By moving your container outdoor in the shady garden for a few hours or part a day. Afterward, you can move your potted rosemary inside.
Guess what element that grows the plant from the root? You don’t say.
Watering rosemary can be a bit tricky if you plat it indoors. It would be best if you watered it once the soil is completely dry. Otherwise, you’re going to create soggy soil that might be an issue to your herb gardening.
As for outdoor, the rule is the same to keep the soil well-drain and not to overwater it. Even rosemary tend to die overwatered than die drought.
Pro-tip, gently misting your rosemary every ten days to fill the gap between minimum waterings.
tolerates high temperature. However, it doesn’t tolerate extremely low temperatures as that would trigger powdery mildew.
Therefore, planting rosemary outdoor is okay, but you cannot let your rosemary be outside when the temperature is below 30 degrees Fahrenheit.
Since rosemary likes dry soil and environment, growing it indoors is practicable during all seasons, yes winter’s included. Just be sure the plants don’t bake and completely dry out while outdoors during the summer.
Let’s grow the best rosemary in the house, shall we? Fertilizing your rosemary is not compulsory, but giving it kelp or fish emulsion will make it look great and bushy.
Additionally, liquid fertilizer is also an excellent option to feed rosemary. Nevertheless, be mindful of using chemicals if you intend to use your rosemary for food purposes. Use compost instead!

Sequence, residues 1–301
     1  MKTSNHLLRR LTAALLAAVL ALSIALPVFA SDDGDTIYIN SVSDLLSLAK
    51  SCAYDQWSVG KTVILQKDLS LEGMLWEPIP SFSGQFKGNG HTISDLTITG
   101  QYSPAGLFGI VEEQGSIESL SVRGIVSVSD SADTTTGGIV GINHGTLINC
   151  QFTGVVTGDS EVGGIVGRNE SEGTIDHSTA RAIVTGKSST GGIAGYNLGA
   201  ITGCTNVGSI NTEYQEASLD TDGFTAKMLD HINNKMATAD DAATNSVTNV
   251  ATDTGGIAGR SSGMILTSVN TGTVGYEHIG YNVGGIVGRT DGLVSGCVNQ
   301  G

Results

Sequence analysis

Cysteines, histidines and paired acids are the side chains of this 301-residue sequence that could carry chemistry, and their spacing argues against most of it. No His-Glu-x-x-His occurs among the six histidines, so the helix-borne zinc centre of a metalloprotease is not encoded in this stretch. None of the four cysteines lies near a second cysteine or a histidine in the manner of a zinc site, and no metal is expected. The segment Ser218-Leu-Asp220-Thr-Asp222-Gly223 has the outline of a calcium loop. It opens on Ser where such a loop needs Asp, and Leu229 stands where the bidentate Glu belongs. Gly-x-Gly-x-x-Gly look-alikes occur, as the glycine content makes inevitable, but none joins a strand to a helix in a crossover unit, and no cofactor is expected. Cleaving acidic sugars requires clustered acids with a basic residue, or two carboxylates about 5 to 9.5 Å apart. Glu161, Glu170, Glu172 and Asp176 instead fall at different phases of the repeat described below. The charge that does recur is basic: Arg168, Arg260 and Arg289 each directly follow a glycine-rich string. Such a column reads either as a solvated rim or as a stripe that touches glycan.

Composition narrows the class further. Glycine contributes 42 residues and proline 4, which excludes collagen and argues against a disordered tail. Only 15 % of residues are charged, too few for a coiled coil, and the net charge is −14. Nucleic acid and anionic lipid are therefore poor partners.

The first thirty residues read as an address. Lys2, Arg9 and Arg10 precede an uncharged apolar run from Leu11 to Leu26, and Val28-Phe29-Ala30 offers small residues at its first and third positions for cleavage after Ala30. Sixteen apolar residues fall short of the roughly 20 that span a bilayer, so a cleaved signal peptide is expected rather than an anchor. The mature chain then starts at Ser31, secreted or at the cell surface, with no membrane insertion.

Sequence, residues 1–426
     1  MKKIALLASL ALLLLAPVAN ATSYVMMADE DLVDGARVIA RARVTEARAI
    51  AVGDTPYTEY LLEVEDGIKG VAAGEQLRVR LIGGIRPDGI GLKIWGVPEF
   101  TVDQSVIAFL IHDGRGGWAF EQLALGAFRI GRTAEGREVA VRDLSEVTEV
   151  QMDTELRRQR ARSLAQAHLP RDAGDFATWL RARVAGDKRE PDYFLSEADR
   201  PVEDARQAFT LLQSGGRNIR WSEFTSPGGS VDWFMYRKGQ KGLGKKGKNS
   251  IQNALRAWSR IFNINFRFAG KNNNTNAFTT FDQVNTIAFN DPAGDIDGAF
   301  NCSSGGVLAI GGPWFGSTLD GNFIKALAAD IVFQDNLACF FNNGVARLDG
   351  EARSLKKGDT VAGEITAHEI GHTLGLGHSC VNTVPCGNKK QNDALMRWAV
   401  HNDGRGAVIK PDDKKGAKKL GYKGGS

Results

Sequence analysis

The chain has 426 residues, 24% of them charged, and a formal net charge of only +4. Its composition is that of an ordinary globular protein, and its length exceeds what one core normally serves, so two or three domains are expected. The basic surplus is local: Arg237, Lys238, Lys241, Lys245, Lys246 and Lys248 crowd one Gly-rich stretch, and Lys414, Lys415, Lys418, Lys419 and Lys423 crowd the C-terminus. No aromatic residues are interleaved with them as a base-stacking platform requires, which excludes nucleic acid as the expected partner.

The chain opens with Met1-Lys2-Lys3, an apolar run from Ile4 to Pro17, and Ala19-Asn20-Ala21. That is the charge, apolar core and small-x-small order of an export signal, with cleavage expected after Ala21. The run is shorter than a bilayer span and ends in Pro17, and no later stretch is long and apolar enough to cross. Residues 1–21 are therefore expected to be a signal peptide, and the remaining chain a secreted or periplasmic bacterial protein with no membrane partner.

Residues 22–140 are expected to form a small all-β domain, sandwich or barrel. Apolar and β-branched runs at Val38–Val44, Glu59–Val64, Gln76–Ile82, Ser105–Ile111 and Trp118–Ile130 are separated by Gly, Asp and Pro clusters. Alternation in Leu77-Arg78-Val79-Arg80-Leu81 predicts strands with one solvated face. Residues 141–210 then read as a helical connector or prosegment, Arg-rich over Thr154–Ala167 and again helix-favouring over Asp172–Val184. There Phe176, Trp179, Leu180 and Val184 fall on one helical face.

Harvest & Propagation
Harvesting time! Rosemary is a very flexible and friendly herb that you can harvest its stems at any time when it’s grown. You can cut the stem off of the plant, but not the entire plant.
For food and flavor purposes, some people tend to dry rosemary instead of putting it fresh. To dry it, you can tie some rosemary stems and hang them upside down.
When it’s dried out, you can take the leaves and pour them into your dish for an aromatic and savory flavor.
If you tend to use fresh rosemary, no worries1 Fresh rosemary goes very well for beef basting. Mix it with hot butter or oil, and voila! You get that punchy flavor for your pan-seared.
Another pro-tip can preserve rosemary in vinegar after propagating it and use it later with butter or olive oil to flavor it.
Troubleshooting the Pest
Notice that rosemary is a living plant, herb; moreover, it is always possible to have some pests coming.
Some insects like whiteflies, spider mites, scale, and mealybugs can all bother rosemary. Once you see those insects in your rosemary plants, spray them with water. Some other pests like aphids need more rigid spray, though.
When you try to grow it from cuttings or seed, the enemy of rosemary is not only those insects but also the mildew and root rot from the humid environment.
How to prevent them from happening? Simple! Be mindful of the water and soil rule, which is not to overwater it and keep the environment well-drained. The air circulation from friable soil could also help to prevent mildew.
So, those are the things you want to consider how to grow rosemary in your house, either indoor or outdoor. I believe it is easier than you thought.
The essential rules for growing rosemary are simple;
- One, use well-drained and moist soil to plant it.
- Two, be mindful not to overwater your rosemary.
- Three, make sure to get your rosemary full-sunlight and acclimate outdoors or if you decide to do it indoors.
If you make those three points right, you are going to successfully grow a great bushy evergreen shrub herb in your house. Give yourself a try!